I am going to work on a remotely located CentOS machine without internet. I do not know its situation and it is very hard for me to move things between. In other words I have only one-shot for setting it up, so I want to be well-prepared for every possible state of the machine.

I will need some programs, so I downloaded .rpm packages in my Windows machine. I am planning to transfer them to the CentOS machine and install with RPM. The question is whether there is a chance that the machine does not have RPM? And if yes, what should I do to get RPM and install the .rpm packages?

2 Answers 2


CentOS is rpm-based; that means that everything on that server is installed with rpms. Theoretically, it is possible that someone removed the rpm package, but then you're in big trouble. If it is just any normal CentOS machine, then rpm is surely present.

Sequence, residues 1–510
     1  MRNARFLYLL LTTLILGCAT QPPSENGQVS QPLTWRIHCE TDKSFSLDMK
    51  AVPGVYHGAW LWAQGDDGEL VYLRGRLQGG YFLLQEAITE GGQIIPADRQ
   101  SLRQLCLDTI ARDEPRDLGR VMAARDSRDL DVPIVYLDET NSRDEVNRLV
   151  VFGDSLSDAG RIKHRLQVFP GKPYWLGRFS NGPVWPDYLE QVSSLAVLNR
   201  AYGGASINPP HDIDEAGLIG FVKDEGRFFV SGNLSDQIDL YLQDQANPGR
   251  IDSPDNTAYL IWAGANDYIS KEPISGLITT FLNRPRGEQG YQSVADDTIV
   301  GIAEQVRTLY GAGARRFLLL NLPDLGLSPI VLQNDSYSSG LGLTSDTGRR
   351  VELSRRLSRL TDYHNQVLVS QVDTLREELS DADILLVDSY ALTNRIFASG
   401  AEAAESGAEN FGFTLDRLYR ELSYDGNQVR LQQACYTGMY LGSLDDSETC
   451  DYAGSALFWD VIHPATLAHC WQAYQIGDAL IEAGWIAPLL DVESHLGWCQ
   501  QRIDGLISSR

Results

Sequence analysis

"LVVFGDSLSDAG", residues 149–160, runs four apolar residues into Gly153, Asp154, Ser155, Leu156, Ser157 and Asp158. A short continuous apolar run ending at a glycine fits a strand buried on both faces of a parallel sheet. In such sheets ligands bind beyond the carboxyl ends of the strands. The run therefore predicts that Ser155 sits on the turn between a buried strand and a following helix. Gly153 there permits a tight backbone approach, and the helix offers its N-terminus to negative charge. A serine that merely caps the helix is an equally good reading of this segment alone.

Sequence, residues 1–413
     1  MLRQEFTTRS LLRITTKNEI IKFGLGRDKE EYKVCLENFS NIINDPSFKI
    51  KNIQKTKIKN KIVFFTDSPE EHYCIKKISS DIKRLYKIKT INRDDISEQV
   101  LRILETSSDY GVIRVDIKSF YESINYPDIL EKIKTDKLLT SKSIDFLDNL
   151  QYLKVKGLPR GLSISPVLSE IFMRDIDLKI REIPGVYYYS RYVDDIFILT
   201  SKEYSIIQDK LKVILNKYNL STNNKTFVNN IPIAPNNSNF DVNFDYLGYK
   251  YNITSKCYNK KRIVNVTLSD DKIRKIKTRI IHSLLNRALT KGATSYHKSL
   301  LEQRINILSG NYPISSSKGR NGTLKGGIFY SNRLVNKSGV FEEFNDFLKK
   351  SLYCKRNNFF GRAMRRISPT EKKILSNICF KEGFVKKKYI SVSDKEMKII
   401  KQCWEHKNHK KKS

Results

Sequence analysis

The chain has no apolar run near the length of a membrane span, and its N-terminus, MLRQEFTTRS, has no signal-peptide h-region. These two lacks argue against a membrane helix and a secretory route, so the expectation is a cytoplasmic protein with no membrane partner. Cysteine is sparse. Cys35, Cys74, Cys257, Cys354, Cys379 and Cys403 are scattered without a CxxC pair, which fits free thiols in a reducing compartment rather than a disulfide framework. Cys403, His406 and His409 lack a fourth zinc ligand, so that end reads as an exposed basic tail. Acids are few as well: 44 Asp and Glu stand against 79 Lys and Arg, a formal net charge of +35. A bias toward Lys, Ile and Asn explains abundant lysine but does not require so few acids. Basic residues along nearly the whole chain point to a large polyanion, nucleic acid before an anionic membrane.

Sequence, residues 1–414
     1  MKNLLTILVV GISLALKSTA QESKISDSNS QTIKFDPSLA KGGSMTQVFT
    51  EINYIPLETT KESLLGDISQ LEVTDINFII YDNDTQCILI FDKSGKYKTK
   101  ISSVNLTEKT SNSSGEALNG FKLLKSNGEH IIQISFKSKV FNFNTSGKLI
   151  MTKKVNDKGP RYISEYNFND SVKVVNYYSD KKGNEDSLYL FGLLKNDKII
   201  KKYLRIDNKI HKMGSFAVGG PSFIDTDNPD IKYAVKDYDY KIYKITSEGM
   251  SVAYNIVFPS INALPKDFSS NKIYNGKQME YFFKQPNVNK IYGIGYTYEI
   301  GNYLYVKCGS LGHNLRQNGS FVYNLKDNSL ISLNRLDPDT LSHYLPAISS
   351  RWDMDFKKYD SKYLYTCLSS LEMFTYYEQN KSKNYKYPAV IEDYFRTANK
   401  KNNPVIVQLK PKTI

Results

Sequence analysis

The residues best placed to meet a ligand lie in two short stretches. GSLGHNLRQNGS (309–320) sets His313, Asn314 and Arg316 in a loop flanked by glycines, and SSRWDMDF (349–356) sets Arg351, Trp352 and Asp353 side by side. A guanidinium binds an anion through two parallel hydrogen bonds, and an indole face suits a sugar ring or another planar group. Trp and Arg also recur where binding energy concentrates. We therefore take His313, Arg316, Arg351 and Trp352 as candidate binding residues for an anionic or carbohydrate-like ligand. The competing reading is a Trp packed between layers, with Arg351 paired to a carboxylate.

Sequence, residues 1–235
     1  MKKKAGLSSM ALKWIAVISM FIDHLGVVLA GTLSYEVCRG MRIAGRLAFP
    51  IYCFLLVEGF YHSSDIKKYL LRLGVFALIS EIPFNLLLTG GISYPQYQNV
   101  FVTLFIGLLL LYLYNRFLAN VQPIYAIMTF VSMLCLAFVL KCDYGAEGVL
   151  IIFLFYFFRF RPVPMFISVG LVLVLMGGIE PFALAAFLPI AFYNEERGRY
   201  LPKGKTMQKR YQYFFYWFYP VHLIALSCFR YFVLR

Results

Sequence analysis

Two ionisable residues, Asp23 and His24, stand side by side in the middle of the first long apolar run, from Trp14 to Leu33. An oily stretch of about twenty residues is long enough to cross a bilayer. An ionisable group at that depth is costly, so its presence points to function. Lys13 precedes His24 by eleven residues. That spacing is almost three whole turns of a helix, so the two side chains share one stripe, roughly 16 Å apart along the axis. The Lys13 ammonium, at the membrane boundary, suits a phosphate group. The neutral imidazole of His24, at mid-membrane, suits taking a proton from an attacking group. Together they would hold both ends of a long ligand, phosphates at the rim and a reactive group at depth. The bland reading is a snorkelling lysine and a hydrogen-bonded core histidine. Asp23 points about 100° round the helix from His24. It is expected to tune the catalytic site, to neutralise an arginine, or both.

No; if someone removed yum/rpm it's no longer CentOS. You could bring live ISOs of CentOS/Ubuntu/Manjaro in case you need any base system components. Generally bringing individual rpm files can be a problem because you may be missing the correct version of dependencies, so it's best to bring a copy of a rpm repositories (the base one is included on live ISOs), if you have a fast connection and plenty of free space you can look up how to make a full offline clone of a distributions repositories.

yum install -y createrepo yum-utils
reposync -p /var/www/html/repo -r <REPOID> -l
createrepo /var/www/html/repo
  • Can I make the offline clone on my Windows Pc?
    – trxrg
    Dec 4, 2018 at 13:40
  • @trxrg yes, but you may want to install CentOS in virtualbox on Windows to make it easy on yourself access.redhat.com/solutions/9892 Dec 4, 2018 at 13:50

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